XHTML considered harmful

This page is a mirrored copy of an article originally posted on the LShift blog; see the archive index here.

… in at least one common scenario. Here’s a summary:

  • Problem: Empty textareas written <textarea /> break both Firefox[1] and IE6.
  • Solution: Remove all mention of XHTML from your documents and XSLT stylesheets, and continue using XHTML-like XML without pain.

For details and explanation, read on.

For your delectation, one small piece of hard-won, expensive knowledge: if you supply XHTML (ie. a document root “html” in the XHTML 1.0 namespace) to Xalan for processing by an XSLT stylesheet, it will treat it as XML, and print it as XML. There is nothing you can do to make it print it as HTML 4.01 (in other words, Appendix C of the XHTML spec is ignored). On the other hand, if you supply XHTML-like XML (ie. a well-formed XML document with a document root “html” in no namespace at all) to Xalan, it will happily parse it, and will print it as HTML 4.01. This is a crucial thing to know if you are trying to build (X)HTML from some input source to send to browsers that are expecting HTML formatting conventions, such as IE6 and, in some circumstances, even Firefox.

Forgive the ASCII-art - here’s a diagram of the render pipeline I was attempting:

                       XHTML template +
                       custom tags +
                       field binding specs
                              | XSLT (1)
                       XHTML template +
                       field binding specs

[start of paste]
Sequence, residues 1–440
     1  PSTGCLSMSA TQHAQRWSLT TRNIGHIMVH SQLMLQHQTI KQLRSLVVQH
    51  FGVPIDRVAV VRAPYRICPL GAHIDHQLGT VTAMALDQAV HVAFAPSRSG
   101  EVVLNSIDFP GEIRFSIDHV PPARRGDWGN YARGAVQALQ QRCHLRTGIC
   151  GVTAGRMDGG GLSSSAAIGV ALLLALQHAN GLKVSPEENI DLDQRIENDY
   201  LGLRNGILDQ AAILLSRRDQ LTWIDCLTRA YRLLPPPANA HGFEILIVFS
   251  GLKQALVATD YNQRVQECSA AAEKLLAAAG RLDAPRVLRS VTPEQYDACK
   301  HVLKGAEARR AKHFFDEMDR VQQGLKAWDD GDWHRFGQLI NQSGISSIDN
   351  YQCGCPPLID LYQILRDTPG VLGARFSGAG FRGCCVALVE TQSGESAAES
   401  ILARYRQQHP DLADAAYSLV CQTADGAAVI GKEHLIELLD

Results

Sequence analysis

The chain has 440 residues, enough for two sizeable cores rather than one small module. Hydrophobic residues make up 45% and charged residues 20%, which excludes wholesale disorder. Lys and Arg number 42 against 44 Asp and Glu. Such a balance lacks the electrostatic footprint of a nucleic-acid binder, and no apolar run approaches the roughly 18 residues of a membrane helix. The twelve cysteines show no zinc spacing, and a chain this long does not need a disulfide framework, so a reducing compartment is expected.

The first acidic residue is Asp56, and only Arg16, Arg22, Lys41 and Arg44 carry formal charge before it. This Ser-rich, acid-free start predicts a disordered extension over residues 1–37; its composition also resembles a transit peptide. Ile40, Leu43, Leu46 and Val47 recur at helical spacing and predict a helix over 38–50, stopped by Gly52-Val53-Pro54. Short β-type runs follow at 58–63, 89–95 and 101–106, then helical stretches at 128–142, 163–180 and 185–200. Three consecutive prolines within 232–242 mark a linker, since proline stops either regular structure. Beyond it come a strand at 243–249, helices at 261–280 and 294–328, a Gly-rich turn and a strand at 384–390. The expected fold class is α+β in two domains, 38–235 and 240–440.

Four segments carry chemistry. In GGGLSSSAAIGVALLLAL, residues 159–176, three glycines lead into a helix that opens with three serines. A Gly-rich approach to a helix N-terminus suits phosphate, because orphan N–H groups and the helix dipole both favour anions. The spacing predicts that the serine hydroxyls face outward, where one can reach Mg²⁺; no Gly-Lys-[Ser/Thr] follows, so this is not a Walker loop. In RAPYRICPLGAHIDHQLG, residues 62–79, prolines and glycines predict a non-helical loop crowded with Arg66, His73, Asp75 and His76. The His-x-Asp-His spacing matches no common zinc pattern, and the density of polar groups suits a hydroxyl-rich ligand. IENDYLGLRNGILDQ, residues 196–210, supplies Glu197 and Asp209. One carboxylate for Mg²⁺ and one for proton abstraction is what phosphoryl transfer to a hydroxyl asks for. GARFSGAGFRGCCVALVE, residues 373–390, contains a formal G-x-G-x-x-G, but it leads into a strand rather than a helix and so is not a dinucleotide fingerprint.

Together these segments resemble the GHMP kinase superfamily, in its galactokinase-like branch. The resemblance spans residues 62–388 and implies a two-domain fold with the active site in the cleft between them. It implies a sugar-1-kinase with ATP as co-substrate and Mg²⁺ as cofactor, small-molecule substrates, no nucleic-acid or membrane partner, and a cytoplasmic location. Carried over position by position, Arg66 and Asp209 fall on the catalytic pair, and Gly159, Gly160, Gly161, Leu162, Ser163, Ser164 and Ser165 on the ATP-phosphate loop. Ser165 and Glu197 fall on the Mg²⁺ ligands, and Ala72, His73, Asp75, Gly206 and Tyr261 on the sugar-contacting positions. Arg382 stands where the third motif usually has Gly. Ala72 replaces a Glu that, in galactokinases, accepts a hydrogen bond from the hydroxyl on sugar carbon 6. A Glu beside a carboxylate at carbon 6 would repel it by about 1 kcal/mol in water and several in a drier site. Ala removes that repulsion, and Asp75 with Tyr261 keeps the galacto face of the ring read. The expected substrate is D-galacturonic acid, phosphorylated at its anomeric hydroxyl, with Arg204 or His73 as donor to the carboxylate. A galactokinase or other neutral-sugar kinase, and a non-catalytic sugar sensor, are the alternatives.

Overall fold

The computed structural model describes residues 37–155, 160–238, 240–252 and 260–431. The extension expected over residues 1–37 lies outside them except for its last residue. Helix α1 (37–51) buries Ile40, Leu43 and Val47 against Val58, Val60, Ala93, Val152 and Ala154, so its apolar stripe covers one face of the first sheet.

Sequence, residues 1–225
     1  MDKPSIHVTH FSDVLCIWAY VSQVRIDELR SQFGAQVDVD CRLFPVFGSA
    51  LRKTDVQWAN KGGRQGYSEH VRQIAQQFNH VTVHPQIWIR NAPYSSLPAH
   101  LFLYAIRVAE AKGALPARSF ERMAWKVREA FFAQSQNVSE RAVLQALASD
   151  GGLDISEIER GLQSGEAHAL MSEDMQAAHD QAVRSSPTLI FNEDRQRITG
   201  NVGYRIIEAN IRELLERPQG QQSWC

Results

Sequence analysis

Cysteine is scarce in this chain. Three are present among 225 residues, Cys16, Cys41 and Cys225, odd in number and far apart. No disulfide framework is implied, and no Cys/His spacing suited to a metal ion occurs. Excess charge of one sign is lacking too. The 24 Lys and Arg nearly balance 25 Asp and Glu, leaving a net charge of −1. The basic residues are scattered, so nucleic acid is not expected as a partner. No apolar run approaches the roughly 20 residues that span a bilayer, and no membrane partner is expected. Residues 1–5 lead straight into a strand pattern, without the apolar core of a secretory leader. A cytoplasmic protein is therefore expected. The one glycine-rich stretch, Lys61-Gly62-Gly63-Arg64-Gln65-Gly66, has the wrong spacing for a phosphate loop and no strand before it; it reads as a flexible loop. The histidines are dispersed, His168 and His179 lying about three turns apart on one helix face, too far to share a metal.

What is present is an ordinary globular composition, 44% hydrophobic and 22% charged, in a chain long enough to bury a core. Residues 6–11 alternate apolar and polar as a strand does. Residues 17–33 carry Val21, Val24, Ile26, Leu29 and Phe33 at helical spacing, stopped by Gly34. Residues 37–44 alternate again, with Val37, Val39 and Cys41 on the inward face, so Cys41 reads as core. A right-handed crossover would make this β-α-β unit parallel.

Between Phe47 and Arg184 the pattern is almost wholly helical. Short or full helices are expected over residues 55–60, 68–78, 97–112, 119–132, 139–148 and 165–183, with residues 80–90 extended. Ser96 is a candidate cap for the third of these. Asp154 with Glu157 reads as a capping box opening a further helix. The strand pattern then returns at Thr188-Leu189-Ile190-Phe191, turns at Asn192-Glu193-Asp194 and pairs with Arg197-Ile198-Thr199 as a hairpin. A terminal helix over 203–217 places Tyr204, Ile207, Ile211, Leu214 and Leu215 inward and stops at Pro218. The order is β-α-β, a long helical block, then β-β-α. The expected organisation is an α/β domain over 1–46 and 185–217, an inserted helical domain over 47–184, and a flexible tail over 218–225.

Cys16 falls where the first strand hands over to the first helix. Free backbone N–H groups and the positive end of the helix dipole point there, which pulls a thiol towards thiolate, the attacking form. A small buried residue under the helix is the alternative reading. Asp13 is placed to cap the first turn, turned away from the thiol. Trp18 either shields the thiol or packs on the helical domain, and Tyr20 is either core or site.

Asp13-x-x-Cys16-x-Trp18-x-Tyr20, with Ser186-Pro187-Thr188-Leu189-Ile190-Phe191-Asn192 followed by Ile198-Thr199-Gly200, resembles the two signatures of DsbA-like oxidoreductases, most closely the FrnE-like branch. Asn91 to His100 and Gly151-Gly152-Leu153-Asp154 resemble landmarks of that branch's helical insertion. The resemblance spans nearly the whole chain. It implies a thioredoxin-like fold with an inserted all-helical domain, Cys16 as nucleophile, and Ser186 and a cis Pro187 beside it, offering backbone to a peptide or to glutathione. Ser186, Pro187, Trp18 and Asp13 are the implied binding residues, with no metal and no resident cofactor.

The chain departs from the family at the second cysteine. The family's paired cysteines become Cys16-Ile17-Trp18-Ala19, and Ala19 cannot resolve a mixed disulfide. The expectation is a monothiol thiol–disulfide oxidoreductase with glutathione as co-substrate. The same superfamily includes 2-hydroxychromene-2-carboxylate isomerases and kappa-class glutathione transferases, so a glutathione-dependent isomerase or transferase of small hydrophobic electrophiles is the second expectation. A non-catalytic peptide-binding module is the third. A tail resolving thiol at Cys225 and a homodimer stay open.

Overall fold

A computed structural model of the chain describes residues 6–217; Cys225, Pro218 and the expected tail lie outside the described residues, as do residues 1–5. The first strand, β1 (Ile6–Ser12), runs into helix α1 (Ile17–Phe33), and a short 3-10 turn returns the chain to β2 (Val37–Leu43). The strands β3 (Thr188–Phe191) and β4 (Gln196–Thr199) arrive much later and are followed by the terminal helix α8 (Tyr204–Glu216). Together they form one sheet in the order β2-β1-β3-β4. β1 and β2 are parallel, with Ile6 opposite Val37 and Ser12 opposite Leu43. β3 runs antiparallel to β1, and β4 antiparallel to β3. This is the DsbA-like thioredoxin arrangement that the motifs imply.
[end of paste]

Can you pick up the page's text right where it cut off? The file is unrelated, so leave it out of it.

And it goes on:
| XSLT (2)
  XML field  ------->  XSLT stylesheet  -------> XHTML for display
   values                                              |
                                                   User Agent

Transformation 1 expanded application-specific tags, generating boilerplate for page headers/footers etc. Transformation 2 turned the XHTML template with lshift:field binding attributes into an XSLT stylesheet that was prepared to accept an XML document containing field details and that would in turn emit an XHTML document based on the original template, with the field values from the source XML document spliced in.

The two major problem elements are empty <script> tags and empty <textarea> tags. If IE6 sees a script tag that looks like “<script />“, it (correctly[2], for HTML!) interprets this as an unclosed script tag, and processes the rest of the document as if it were a script. Firefox decides the page author has made an understandable mistake and displays the document as (probably) intended. You can work around the problem, often, by supplying some non-empty text to go in the otherwise empty script tag: a single semicolon will do. This can be automated as part of transformation 2 in the diagram above.

Textareas are more of a problem. Supplying any content for the element obviously has a different meaning to supplying no content for the element - and if either Firefox or IE see “<textarea />“, they interpret the entire remainder of the document as the content of the textarea, since HTML formatting conventions require that empty textareas are to be written “<textarea></textarea>“.

After several hours spent breaking myself on the rocks of XHTML-in-the-real world trying to get Xalan to print empty scripts and textareas according to HTML convention[3], a good night’s sleep and some prompting by my colleague mikeb focussed me on the differences between the system I was trying to get working and the working example HTML I had been following. Close examination and a couple of small experiments showed the significant difference to be the lack of a namespace in the working HTML-like XML. Presto: I removed all mention of XHTML from my documents and stylesheets and everything worked as if by magic.

To sum up: Just Say No to using the XHTML namespace with Xalan. You’re welcome to continue using something that looks remarkably like XHTML - just make sure it isn’t in a namespace. Xalan seems to have poorly-documented magic in it in this area.